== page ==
Yoga Teacher Training – Shri Kali Ashram, (Goa, India)

March 2016

It was day damn one, we had broken off into groups for a discussion and I was just aching for Ian (one of the instructors/teachers at Shri Kali Ashram) to call it for the morning and send us to lunch. When he did, I got up quietly and scurried to the bathroom…and had one of the biggest cries I’ve ever had in my life.Β 

Have you ever cried so hard you couldn’t make noise? The kind that hurt? Yeah…it was one of those cries. Rewinding to the actual group discussion, no one was ever forced to speak if they didn’t want to, some listened, some spoke, and some poured out everything they had built up for years. The topic of discussion that day: How do the things that happen/our experiences in our earlier years, shape us into who we are now? (I am paraphrasing) And that ultimately meant bringing up things that happened in your past, and whether you wanted to voice it or not, you were still contemplating things. That was the whole point. For a lot of us (and by ‘us’ I mean humanity), there are things that happen to us, in life, that we just don’t want to talk about, plain and simple. And that’s okay, we’re all different. Some wear their beautiful, big hearts on their sleeves, and some will just bottle it all up. So when you attempt to be vulnerable about it, of course there are many inevitable emotions that are going to come up, as they did for me. And I just really needed to cry it out. I was sitting there bawling and thinking to myself “Why am I even crying this hard? Where is this coming from?..” Within. It was almost like an out of body experience, in a way. I was practically watching myself just cry and release a bunch of frustration and anger that I had withheld for things that happened and really affected me. Pain is still pain, hurt is still hurt, no matter how much you try to suppress it. So don’t…ever. That’s what I learned that day. That it is 100% necessary to express in a wholesome way, whatever that means for you. Do so to channel that frustration out of your being, it does not serve you.Β 

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Although I was overwhelmed, I knew I was still just processing certain things, including the stories the other yogis shared about their past experiences. I laughed to myself and thought “Hm, this is the stuff they don’t tell you to expect in teacher training”.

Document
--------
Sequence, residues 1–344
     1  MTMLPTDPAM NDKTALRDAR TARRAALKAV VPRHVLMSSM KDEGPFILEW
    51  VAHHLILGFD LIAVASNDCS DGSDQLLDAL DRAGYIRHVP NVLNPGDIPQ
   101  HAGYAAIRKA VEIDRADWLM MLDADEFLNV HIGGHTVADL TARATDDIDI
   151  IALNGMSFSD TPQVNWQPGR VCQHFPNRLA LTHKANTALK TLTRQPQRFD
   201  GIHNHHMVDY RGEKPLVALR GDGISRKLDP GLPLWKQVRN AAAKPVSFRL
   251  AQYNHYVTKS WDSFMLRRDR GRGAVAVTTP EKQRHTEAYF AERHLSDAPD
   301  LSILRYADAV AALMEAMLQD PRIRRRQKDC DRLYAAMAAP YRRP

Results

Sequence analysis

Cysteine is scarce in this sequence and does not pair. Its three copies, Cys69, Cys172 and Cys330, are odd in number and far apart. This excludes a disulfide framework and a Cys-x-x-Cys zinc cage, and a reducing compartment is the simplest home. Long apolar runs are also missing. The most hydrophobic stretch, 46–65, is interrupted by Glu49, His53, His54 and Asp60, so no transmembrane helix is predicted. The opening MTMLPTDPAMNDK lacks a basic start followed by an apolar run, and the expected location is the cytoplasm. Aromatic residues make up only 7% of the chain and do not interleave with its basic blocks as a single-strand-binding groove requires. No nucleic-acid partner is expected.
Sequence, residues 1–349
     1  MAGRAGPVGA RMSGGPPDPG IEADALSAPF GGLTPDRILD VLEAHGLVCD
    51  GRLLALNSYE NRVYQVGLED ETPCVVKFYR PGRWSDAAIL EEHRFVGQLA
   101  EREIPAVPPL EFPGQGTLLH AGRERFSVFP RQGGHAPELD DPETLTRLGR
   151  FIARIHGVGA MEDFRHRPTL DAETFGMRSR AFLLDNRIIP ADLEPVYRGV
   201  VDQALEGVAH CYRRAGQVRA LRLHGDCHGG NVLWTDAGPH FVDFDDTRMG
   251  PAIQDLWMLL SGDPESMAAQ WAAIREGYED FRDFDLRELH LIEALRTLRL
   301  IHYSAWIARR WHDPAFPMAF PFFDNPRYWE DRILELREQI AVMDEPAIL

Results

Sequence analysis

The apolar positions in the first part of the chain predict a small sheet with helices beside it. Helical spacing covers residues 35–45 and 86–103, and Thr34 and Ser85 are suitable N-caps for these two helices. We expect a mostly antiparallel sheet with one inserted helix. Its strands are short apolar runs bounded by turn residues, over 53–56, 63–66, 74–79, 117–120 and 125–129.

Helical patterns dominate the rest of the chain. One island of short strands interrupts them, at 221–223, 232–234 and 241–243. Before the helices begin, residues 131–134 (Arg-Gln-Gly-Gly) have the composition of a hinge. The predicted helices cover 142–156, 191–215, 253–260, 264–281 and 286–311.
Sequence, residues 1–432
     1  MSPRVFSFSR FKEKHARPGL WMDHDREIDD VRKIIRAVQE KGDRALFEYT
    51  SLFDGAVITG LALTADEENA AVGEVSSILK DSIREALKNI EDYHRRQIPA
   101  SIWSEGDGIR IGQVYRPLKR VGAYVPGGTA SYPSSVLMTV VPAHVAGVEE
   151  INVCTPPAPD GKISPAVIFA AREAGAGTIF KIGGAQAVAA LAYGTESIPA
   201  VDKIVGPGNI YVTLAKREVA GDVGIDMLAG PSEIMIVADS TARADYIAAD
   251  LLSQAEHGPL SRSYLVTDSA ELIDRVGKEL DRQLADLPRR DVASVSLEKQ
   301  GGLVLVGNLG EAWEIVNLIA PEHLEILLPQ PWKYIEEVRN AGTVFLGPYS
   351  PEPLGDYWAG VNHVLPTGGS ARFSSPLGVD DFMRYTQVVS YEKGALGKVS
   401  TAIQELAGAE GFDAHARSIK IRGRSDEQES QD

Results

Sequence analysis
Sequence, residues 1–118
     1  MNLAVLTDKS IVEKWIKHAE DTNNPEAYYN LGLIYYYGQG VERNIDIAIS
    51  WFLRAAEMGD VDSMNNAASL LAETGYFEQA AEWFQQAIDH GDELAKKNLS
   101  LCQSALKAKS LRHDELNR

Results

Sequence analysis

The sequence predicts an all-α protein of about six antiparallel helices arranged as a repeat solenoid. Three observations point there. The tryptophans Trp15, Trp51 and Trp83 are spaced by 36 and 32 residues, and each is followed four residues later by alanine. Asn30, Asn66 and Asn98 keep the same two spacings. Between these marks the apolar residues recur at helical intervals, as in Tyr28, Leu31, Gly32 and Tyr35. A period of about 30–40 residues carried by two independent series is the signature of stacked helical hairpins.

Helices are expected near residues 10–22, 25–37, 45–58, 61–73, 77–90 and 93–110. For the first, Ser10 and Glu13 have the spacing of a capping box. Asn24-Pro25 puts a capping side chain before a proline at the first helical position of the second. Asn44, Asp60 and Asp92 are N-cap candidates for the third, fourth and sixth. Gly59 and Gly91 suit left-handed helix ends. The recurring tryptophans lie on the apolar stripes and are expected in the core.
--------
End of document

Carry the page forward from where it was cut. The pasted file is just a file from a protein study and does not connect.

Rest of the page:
I wanted to catch the sunset on the beach and just…be.Β So we went, and were joined by the pack of dogs that camped out and guarded the building we stayed in. We stayed in a shared house just a short walk from the Ashram itself, but the beach was just behind the house which was just…pure bliss. I suppose the dogs were technically strays, but were fed so that they were cared for and would want to guard the house from intruders…or worse leopards (that’s just the truth in India). The downside to being a dog lover in India was that unless a dog was actually taken care of (meaning bathed regularly), that dog had fleas, indefinitely. Being close to the dogs meant you got bitten by those fleas. Torture, right?! I sat in the sand surrounded by sweet little flea bags, and a gorgeously warm, Goan sunset…and allowed myself to just BE. I allowed myself to absorb all that happened during training, and was still coping with a little homesickness and just general culture shock. It’s very much a real thing. And so is reverse-culture shock, but that’s a discussion for another time. I had finally found the term to explain what I was feeling, because it was so unfamiliar…and I embraced it.

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Β Then it all became a question of being too comfortable and complacent in life. There it was…a thought that changed my perception on travel, because the way you travel should be the exact same way you are in life. Fearless. Exciting. Daring, even. There’s always more to see and do in life, and where ever you are in life, do more! Do something spectacular and of value, and I promise you, you’ll remember it for the rest of your life. You are in charge of what happens, you create the possibilities. You have the power to do whatever you want to do in life. Another simple yet brilliant concept we learned in teacher training. My time at Shri Kali Ashram was some of the most testing yet wonderful, and insightful times I’ve ever had, and I miss it so much. I miss walking over to the small restaurant by the beach for lunch, it was called The Blue Whale. They caught fresh fish and crab, daily on their boat, and my favorite thing to eat was the Goan style fried fish and chips (french fries). You got to pick your own fish, they brought their catch out to show you what you had to choose from. Goan style fried fish meant that it was breaded in Rava, or semolina, mixed with all the wonderful, fragrant Indian spices we all know and love. The fish was crispy, yet juicy and light. It was heaven. I once got to choose a delicious, succulent crab that took up most of my plate and was then simmered with garlic, herbs and spices. Those were the meals I had before our 3 hour afternoon asana practice.Β 

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What saddens me, is that that area was under constant construction, as they were building a brand new highway through the Ashram location. Imagine trying to meditate into your postures with a dump truck rattling around, constantly! I will miss that location but luckily the new one is only a couple kilometers away, and is still by the beach, so who’s to complain? I cant wait to see it, hopefully within the next few years! How about you?! For yogis of all levels, would you stay at an Ashram in India?! Doesn’t have to be for teacher training, they do retreats also! And if you aren’t a yogi, would you ever try it out?? Send me your thoughts!

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